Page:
A client of Duncan Lewis Solicitors has been granted permission to challenge the continued imposition of conditional bail against him in circumstances where he can be neither lawfully removed nor lawfully detained pending the outcome of various investigations and civil proceedings into abuse and mistreatment he suffered in immigration detention.
In an order by Sir Ross Cranston, the High Court determined that an ‘authoritative ruling’ was required on whether an individual can remain on Home Office immigration bail, under Schedule 10 of the Immigration Act 2016, where that individual cannot be lawfully detained. The hearing will be heard on an expedited basis and will give guidance on the extent of the limitations on the Home Office’s powers to grant immigration bail and its compatibility with Article 5 of the European Convention on Human Rights (ECHR).
Our client, anonymised as FAM, was an asylum seeker detained at Brook House IRC where he was subjected to serious mistreatment, including being strangled by a detention officer. The abuse was captured on film by an undercover reporter and broadcasted in September 2017 in a BBC Panorama documentary. His vulnerability was well known by the Home Office, having obtained independent evidence of torture whilst detained through a Rule 35(3) report, and subsequently providing a psychological report which confirmed that detention was significantly worsening his mental health.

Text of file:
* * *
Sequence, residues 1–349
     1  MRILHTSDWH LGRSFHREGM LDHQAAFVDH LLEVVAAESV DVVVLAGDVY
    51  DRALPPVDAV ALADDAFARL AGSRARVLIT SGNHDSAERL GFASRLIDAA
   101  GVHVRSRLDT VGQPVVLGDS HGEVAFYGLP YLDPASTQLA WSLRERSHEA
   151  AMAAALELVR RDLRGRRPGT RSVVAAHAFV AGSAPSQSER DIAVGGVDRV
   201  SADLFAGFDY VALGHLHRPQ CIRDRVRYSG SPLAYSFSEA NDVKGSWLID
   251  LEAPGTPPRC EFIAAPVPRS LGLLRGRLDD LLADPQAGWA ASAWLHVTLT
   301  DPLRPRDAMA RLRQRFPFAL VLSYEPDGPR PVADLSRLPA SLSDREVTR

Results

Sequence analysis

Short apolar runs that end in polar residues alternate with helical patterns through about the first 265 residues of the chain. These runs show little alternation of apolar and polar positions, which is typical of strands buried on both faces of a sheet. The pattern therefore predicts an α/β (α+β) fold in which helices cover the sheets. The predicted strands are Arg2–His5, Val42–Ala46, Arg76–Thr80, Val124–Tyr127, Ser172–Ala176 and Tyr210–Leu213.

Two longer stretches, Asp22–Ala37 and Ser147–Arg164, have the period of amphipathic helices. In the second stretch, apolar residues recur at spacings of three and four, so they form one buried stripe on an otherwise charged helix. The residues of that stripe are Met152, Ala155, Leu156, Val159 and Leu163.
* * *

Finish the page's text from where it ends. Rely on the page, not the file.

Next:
He was released at an interim relief hearing pursuant to unlawful detention proceedings in 2017. He was subsequently placed on conditional bail by the Home Office, with restrictions on his right to work, requirements of residence and reporting, as well as - originally - electronic tagging.
In the aftermath of the broadcast of the BBC Panorama documentary, our client went on to challenge the Home Office’s failure to institute an Article 3 compliant inquiry into the abuse and mistreatment he and other detainees suffered at Brook House. He additionally brought a civil damages claim for false imprisonment, assault, battery, and misfeasance in public office. In September 2018 the Home Office appointed the Prisons and Probation Ombudsman (PPO) to undertake a ‘Special Investigation’ into the mistreatment at Brook House. Our client is currently one of two detainees challenging whether this is sufficient to meet the UK government’s obligations under Article 3 ECHR, with a final hearing on that issue starting in May.
In 2018, FAM made a fresh claim for asylum and then an application for discretionary leave pending the outcome of the various investigations and litigation. His discretionary leave application was originally refused in September 2018 where the Home Office stated that his fresh claim would not be considered until the outcome of ongoing litigation and that he would not be removed whilst all these issues remained outstanding. Further correspondence in February 2019 from the Home Office again made assurances that he would not be detained or removed prior to the conclusion of his ongoing litigation action.
Judicial Review proceedings were brought on 12 March 2019 on the following basis: